Marriage is wonderful. It really, truly is.
Of all the many wonderful and miraculous things that I've experienced in my life, from the smell of clover in my six-year-old nose to the sound that a good dog makes settling at my feet by a fire, the best, the absolute most wonderful and beautiful best thing of all is being married to Peter.
I know--not exactly interesting to those of you who are not married to Peter. I'm sorry. But to those of you who are also married well, caught up also in a deep spring of love with your spouse, isn't it the truth? What is more worth the price of admission than this?
To those of you who do not know if there is a God or any gods, or who believe that the universe is flat and without life or meaning, let me say this: I can't prove to you that God exists or that Spirit exists, any more than I can prove to you that there is a difference between what is so cloyingly (but correctly) known as True Love and its simulacrum: convenient companionship and habit.
But, oh, there is a difference, and once you have tasted it, you understand forever that miracles are real, miracles are important, and if we could bring the world into proper focus and see it truly, we would be shouting aloud with joy every moment.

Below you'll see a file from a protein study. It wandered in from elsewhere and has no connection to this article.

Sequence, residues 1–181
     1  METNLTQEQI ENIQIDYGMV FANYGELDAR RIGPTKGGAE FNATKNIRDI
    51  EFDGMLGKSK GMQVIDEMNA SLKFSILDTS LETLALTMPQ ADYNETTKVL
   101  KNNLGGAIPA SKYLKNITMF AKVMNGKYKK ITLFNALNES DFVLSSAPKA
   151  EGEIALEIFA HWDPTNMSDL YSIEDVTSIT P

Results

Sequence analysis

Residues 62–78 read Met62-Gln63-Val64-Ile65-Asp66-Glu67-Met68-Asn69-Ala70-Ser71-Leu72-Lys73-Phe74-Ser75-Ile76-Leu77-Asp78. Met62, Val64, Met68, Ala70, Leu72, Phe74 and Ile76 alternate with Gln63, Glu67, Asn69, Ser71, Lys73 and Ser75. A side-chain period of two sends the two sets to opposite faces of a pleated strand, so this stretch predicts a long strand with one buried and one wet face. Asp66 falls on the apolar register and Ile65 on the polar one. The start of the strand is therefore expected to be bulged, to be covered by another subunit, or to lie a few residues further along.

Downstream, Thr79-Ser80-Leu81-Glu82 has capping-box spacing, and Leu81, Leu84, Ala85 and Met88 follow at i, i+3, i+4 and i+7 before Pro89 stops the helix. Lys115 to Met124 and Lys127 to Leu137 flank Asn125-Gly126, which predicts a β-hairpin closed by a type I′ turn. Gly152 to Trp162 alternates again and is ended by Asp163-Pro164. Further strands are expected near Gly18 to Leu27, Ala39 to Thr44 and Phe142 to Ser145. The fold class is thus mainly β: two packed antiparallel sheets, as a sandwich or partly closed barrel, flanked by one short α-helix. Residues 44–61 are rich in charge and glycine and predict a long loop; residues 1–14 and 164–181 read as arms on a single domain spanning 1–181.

Admittedly, that would be loud and distracting, so maybe it's better that we can't keep our miracles in that kind of focus, and that the trivia of everyday life breaks through the gnosis of love with laundry, trash, alarm clocks, and bills.
But, oh, friends--do not settle for almost-love, and do not settle for almost-God. Let life sweep you off your feet. Wait. Be patient. Hold out your arms, open them wide in trust and love, and don't close them on anything but the miracle, anything except the Real Thing.
What brings this up for me tonight? Just the angle of the evening light, I suppose; the taste of a cup of coffee my beloved brewed me just because I am tired.
And I've been reading about marriage and love in a wonderful book, Niffenegger's The Time Traveler's Wife, and recognizing love in its pages; and reading there, too, an excerpt from another wonderful book about love, A.S. Byatt's Possession:
"What is it? My dear?"It breaks my heart, to know this music will one day end. All that lets me bear it is the knowledge others can hear the music, too--and that I know that the Light that shaped us both in love will continue on, long ages after we are gone.
"Ah, how can we bear it?"
"This. For so short a time. How can we sleep this time away?"
"We can be quiet together, and pretend--since it is only the beginning--that we have all the time in the world."
"And every day we shall have less. And then none."
"Would you rather, therefore, have had nothing at all?"
"No. This is where I have always been coming to. Since my time began. And when I go away from here, this will be the mid-point, to which everything ran, before, and from which everything will run. But now, my love, we are here, we are now, and those other times are running elsewhere."
My heart was made to love. My heart was made, as all human hearts must be, to break. And it is well.